My current emphasis: how to make good habits and break bad ones (really)

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The happiness of keeping your resolutions — or at least, persisting in trying to keep your resolutions.

BridgetjonesI just finished re-reading Helen Fielding’s Bridget Jones’s Diary. I’ve learned that when I feel a mysterious compulsion to re-read something, I shouldn’t ignore it.

WarnpeaceA few months ago, I felt compelled to re-read Tolstoy’s War and Peace, and guess why — it’s a page-turner on the order of Stephen King, even if it is a world classic, and it’s also all about happiness (of course, it’s such a masterpiece that it’s about twenty other things as well, but to me, it was about happiness).

I felt drawn to pick up Bridget Jones’s Diary again. And I was laughing at myself, because the book is such a parody of my happiness project and my pep-talks to myself.

Bridget Jones begins by listing her New Year’s resolutions, which include, “I will go to gym three times a week not merely to buy sandwich” and “I will not get upset over men, but instead be poised and cool ice-queen.”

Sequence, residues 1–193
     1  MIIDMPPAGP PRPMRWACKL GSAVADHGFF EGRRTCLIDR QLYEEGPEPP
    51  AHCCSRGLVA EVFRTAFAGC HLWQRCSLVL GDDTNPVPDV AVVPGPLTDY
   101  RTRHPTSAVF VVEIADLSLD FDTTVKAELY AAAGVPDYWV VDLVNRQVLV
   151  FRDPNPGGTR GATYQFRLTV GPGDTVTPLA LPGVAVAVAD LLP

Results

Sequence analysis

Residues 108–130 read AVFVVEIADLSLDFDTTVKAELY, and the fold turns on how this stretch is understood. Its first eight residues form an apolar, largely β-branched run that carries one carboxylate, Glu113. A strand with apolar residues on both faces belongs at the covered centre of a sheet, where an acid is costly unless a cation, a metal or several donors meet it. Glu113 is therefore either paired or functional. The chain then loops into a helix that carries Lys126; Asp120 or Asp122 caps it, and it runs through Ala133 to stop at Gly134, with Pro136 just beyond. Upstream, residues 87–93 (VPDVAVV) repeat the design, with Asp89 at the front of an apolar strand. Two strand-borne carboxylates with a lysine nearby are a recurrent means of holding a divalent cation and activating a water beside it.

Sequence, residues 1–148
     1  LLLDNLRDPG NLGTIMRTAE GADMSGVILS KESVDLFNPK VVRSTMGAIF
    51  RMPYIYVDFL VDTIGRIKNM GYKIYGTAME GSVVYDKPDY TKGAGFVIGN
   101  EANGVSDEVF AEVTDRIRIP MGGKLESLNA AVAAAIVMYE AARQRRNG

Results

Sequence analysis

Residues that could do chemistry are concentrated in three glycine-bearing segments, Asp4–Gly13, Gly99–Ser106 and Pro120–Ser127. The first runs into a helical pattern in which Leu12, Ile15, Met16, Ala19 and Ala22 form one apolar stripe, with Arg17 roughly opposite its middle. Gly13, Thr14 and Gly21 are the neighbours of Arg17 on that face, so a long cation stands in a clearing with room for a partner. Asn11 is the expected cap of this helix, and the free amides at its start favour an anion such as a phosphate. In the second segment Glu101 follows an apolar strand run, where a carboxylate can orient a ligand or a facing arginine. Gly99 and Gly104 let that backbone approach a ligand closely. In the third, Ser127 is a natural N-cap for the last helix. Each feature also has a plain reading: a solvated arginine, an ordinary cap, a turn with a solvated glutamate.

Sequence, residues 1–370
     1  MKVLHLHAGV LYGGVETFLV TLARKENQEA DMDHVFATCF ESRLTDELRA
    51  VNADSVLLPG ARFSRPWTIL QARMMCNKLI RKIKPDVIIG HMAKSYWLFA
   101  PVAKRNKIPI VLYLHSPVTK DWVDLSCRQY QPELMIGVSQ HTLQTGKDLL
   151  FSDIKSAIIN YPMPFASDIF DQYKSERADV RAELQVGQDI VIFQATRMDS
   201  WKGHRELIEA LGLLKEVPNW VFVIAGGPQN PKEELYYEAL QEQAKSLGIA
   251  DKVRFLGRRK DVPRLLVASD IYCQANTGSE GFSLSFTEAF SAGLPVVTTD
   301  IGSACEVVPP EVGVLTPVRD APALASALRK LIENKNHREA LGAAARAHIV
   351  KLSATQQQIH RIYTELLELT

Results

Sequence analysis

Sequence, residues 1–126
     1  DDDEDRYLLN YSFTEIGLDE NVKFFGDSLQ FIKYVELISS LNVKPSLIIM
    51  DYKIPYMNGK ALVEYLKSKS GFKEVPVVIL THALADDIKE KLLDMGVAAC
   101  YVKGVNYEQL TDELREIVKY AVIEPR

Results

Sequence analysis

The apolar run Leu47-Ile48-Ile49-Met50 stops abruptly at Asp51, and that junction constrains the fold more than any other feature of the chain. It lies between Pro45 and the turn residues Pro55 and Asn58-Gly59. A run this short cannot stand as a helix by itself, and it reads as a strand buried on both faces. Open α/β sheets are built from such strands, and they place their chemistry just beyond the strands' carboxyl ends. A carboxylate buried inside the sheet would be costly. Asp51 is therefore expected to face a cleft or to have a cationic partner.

Some of our resolutions are the same, which made me feel a bit silly: “I will eat more fiber,” “I will put photographs in photograph albums,” “I will not bitch about anyone behind their backs, but be positive about everyone.”

The fact that Bridget Jones – in good company with more elevated figures, like Tolstoy, Pepys, and St. Therese – continually make and break the same resolutions is a great comfort to me.

I often repeat to myself the words of Samuel Johnson: “Grant me to resolve aright, and to keep my resolutions.” He has it exactly right. The secret to a happiness project is both to figure out what to do, and to do it.

(Zoikes, how often do you see Tolstoy and Bridget Jones woven into one discussion?)

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For some mysterious reason, I’ve started getting the Stanford alumni magazine, and this month it featured a fascinating article, Marina Krakovsky’s The Effort Effect. It argues that people’s view of the nature of ability shapes their performance. People with a “fixed mind-set,” i.e., who believe that ability is inborn, are more risk-averse, give up easily, don’t listen to criticism, and feel threatened by others’ success. People with a “growth mind-set,” i.e., who believe that ability is developed through practice, are more likely to take risks, to be persistent, to learn from criticism, and to learn from others’ success. Significantly, changing a person’s mind-set can affect their capacity to succeed.

This article relates to the New York magazine article How Not to Talk to Your Kids: The Inverse Power of Praise by Po Bronson, if you read that. Both articles are terrific.

After reading these articles, I’m reminding myself that, as Krakovsky says, “effort is a path to mastery.” If I keep trying to keep up my resolutions, I will do better.